The journalist David Leonhardt has this Op Ed in the NY TIMES this morning. It is, I think, one of the most important and insightful pieces I have read in a very long time. Here is just one fact cited by Leonhardt that stood out for me. The official unemployment rate in the United States is currently just below 4%. But the percentage of men age 25-54 who are not employed is slightly below 15%.
Think about that fact. In an economy as close to official full employment as you are ever likely to see, 15% of adult men in prime wage earning years are unemployed, and two thirds of them do not even show up in the topline unemployment figures because they have simply given up looking for work.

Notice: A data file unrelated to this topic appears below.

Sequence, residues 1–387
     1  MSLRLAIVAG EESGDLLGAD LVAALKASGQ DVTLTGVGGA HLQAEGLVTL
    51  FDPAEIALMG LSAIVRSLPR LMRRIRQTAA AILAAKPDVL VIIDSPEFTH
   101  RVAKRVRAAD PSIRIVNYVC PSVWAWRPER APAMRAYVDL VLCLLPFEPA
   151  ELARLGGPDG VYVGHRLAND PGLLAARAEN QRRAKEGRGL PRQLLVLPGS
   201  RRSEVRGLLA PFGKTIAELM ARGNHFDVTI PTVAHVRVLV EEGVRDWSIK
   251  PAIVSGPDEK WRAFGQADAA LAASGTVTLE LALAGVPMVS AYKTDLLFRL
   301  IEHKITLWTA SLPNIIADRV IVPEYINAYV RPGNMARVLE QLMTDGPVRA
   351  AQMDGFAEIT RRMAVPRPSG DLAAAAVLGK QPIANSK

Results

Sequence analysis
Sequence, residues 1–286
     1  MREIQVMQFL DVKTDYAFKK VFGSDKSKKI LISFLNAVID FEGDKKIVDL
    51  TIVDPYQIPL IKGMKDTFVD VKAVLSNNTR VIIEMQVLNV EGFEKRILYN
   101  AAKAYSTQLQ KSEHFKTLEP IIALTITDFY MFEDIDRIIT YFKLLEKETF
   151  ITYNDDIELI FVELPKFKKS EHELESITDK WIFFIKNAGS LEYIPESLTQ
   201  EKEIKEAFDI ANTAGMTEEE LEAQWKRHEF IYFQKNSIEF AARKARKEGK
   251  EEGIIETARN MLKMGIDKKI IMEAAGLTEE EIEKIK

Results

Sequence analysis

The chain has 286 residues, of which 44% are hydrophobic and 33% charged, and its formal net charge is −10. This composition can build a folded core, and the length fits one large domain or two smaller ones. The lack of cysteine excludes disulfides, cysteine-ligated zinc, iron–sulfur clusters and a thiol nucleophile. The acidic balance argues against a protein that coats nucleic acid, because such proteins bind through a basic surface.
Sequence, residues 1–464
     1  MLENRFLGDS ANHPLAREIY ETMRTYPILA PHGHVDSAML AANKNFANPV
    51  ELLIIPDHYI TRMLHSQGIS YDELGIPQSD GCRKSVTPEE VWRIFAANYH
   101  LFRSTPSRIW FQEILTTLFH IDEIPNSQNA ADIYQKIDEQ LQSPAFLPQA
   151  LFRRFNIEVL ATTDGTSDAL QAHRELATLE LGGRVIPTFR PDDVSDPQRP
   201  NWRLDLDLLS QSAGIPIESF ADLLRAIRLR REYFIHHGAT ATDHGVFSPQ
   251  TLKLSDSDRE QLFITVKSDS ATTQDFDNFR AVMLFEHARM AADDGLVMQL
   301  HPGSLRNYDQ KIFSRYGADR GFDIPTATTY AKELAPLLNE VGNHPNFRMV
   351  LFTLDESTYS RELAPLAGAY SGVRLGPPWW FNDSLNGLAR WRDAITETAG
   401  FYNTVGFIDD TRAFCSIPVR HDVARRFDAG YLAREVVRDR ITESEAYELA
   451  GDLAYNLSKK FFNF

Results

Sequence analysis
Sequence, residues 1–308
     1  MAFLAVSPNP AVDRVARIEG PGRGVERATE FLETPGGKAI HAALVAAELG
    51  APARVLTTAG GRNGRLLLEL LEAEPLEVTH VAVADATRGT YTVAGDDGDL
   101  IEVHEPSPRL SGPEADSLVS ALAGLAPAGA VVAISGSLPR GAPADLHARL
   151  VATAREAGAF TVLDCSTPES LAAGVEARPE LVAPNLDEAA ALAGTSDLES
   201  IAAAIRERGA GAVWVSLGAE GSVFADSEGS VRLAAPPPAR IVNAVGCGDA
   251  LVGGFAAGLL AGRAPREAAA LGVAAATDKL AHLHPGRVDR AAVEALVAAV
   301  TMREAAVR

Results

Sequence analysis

The Bureau of Labor Statistics experts know this, of course. Their work is the source of the figures Leonhardt cites. But virtually none of the public discussions of economic affairs mention these figures, nor do these facts play any role in policy debates in Washington.
Why don't these men [and women, of course] show up in the official unemployment figures? Because those figures are generated by monthly household sampling conducted by the BLS, whose employees ask, as they go door to door, "Are you now employed full time or part time? If you are not employed, have you looked for work in the last month [or, in some surveys, two months]?"
If the answer to the first question is "no" and to the second question is "yes," the person is counted as unemployed. But if the answer to both questions is "no," the person is not counted. That person is considered not to be in the labor force.
If you think about this simple set of facts for a moment, much of contemporary politics makes much more sense.